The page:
Of course, storyboarding is a common approach to scene writing used by filmmakers. Storyboards give you the opportunity to see how scenes link with one another and the larger story. Planning scenes in this way, as you are writing, won’t kill your spontaneity. Some scenes and events will only occur to you as you write. Once you have your secret draft done, you can go back, delete and consolidate scenes using your storyboard cards.
Breaking your novel down into scenes while writing the secret draft can help you ensure your novel has a strong narrative drive and the pieces of it connect to one another. Remember, your readers want your story to keep on keepin on.
Nobody writes perfectly ﬁrst time. Remember that.
Some authors try for a perfect first chapter before going on with the book. Not a good idea. You can always fix it later, once you know what the story is. Frankly, I would go crazy trying to perfect one sentence at a time, because what happens later in my books almost always changes what I've said earlier in the books. However, if you inspect every word and seek a perfect one, you’ll won’t finish your novel. Besides, no one is going to pay money for a first chapter only, even if it is perfect.
I am a Virgo. Some of us are cursed with a desire for perfection. We seldom reach it; we just want to. However, perfectionism will ruin your writing if you let it. You don’t have to hush your perfectionist trait; you just have to say “not yet.” You can perfect the book later on when you revise it. Sure, it should be nearly perfect eventually, but it does not need to be nearly perfect right away.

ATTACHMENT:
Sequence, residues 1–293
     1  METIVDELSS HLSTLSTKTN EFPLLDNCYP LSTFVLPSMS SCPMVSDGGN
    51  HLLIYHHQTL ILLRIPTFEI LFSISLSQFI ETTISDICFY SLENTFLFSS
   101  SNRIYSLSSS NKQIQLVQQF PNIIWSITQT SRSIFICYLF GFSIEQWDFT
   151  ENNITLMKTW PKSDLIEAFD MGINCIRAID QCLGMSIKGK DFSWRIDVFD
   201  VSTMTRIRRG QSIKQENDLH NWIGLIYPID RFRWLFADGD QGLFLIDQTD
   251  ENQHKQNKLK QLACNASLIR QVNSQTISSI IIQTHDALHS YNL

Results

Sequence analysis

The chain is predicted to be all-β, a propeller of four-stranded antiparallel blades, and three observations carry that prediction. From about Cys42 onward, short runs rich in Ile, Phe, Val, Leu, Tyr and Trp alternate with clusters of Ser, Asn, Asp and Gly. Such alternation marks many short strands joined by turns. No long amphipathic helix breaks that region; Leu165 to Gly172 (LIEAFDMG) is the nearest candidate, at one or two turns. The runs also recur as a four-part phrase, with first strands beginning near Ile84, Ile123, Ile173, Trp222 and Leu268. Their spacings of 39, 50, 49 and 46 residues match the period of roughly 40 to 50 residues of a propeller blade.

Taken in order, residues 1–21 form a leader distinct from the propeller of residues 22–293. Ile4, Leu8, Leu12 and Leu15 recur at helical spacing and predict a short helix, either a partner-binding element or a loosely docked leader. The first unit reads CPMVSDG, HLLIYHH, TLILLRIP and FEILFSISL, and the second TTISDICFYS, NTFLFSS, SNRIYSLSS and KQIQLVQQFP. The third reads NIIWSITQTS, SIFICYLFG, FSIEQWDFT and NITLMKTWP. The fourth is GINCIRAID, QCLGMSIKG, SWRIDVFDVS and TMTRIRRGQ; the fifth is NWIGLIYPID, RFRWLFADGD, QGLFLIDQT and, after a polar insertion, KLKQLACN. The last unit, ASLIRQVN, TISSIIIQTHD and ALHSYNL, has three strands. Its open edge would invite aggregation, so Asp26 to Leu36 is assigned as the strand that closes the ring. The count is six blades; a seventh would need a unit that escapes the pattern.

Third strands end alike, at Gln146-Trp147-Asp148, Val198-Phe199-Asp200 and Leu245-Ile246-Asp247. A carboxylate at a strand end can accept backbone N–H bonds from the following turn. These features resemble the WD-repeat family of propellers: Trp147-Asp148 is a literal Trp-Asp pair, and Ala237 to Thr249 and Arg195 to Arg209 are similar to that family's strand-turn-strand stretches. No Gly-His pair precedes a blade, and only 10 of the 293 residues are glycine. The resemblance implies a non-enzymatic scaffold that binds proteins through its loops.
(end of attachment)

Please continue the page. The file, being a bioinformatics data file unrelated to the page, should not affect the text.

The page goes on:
Nothing you write is carved in stone until you publish it and, even then, you can make corrections. The secret draft is seldom final; it's just a starting place. Even if it's imperfect by nature, the secret draft is far more productive than sitting staring at a blank screen be-cause you're determined the first sentence you write should be perfect. Secret drafts are for experiments, adventures and easily forgiven misses.
What works for me is to write a secret draft as far as I can and go back and fix things as they occur to me. Once finished, I print out a semifinal draft on cheap paper. Then, using a red pen, I go through the hard copy, make corrections and suggest revisions. I go back to the computer, rewrite and revise using the hard copy as my guide.
A secret draft is not supposed to be wonderful.
It is usually dreadful, nothing like what you thought it would be.
When you read your secret draft for the first time, you may consider getting out of writing. Don’t.
The secret draft is the framework that allows you to revise it into something beautiful. I'll strive to share my secrets and you strive to keep writing. Read my books when they come out and ask me questions via Email. Write your novel. It’s okay if you're scared.
(From NOVEL SECRETS (paperback or Kindle)